Apple reached out to help, but critical time could have been lost.
For nearly two days after the deadly shooting at a Texas church, the FBI struggled to unlock the attacker's iPhone and refused to ask Apple for help, it has transpired. Instead, the FBI sent the phone to a crime lab.
During a recent press conference, FBI agent Christopher Combs complained about not having access to the shooter's phone due to not being able to unlock it. The press conference suggested that important information such as motivations and co-conspirators could be unobtainable without access to the phone. Despite the FBI's struggle, though, it didn't ask Apple for help.
"Our team immediately reached out to the FBI after learning from their press conference on Tuesday that investigators were trying to access a mobile phone. We offered assistance and said we would expedite our response to any legal process they send us," Apple said in a statement.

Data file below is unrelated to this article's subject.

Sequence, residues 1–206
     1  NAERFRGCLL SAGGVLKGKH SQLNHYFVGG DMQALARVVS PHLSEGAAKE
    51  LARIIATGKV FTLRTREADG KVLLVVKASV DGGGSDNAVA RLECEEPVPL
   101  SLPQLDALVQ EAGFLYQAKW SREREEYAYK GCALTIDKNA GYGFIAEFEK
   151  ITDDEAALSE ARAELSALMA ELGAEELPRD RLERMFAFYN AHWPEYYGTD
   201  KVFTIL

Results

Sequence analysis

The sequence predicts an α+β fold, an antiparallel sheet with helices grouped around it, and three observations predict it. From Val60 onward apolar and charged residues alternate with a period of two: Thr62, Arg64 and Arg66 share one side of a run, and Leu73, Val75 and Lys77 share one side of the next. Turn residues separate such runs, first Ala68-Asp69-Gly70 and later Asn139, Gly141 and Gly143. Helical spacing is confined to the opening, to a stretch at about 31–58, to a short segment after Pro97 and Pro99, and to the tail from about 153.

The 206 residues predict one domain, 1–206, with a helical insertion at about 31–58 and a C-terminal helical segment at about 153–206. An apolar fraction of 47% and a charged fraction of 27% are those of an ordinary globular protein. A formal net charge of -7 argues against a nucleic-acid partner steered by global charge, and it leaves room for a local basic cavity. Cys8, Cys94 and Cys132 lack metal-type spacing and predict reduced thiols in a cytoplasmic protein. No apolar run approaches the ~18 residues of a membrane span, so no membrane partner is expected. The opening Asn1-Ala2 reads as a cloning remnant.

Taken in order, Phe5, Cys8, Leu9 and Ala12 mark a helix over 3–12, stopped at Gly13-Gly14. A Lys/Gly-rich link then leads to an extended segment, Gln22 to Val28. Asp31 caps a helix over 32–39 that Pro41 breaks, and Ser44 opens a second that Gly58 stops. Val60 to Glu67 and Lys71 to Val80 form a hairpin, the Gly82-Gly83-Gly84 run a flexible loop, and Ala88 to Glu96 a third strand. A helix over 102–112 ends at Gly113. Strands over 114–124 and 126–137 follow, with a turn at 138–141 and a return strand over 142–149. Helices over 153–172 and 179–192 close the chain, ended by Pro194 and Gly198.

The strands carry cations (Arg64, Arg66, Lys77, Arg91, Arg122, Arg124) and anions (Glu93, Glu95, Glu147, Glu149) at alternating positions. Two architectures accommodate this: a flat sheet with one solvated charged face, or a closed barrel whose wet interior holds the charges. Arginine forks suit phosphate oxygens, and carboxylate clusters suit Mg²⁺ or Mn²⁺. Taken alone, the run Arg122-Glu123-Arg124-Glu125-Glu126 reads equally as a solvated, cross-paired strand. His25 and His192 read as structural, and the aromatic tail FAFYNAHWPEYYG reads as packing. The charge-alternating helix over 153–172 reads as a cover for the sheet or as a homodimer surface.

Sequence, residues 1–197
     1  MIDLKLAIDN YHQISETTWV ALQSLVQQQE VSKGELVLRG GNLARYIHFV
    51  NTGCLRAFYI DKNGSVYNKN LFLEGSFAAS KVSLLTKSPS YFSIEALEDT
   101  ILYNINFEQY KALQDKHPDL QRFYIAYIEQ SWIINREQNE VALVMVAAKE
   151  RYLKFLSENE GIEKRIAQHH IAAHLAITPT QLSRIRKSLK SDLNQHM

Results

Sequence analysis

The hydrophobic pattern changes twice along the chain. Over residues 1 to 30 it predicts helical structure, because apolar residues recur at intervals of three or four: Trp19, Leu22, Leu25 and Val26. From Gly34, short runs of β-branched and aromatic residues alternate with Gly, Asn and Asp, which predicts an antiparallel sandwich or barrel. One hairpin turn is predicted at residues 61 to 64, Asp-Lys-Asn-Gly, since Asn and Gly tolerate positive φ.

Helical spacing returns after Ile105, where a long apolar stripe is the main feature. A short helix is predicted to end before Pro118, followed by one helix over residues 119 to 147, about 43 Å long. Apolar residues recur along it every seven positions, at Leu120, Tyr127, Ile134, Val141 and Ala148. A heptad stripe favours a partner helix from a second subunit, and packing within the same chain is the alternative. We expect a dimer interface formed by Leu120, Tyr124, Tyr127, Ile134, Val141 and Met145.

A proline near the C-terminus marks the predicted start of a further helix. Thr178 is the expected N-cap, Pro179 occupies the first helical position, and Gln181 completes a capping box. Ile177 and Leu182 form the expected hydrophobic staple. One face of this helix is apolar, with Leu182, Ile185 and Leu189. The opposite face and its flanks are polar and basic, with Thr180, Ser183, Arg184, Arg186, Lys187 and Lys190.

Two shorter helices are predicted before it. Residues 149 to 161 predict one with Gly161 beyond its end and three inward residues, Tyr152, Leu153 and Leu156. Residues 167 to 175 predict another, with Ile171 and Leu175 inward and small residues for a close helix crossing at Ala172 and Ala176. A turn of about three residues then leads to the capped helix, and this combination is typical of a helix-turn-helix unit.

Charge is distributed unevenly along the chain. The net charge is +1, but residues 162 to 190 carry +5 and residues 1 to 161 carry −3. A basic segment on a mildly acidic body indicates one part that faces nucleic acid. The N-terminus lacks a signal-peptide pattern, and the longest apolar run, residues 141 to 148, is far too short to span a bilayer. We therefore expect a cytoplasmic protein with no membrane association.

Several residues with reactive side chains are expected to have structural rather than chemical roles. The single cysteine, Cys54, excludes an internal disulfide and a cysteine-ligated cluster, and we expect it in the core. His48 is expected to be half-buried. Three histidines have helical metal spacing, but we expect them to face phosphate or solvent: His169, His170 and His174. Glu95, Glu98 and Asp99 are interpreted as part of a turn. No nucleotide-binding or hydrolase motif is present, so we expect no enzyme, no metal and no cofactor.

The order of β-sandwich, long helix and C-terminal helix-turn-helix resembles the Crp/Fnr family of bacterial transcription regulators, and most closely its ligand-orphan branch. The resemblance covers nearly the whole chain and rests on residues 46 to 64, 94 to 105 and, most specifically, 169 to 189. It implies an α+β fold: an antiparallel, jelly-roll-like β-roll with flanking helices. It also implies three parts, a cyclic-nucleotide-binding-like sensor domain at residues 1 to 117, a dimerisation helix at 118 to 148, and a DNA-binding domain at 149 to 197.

The FBI's hesitation to contact Apple will complicate the process. If agents had contacted Apple within 48 hours, assuming the shooter unlocked his phone using his fingerprint, the FBI could have still used his finger to unlock the device. However, due to the iPhone's security features, it's now too late to use this method and the FBI will now need to go through the courts to access to phone's contents, according to Business Insider.
This is not the first time the FBI has criticized Apple's devices. In fact, the FBI took Apple to court over access to an iPhone related to the shooting in San Bernardino in 2016 in which 14 people were killed. The court case was dropped as the FBI was able to access the content on its own.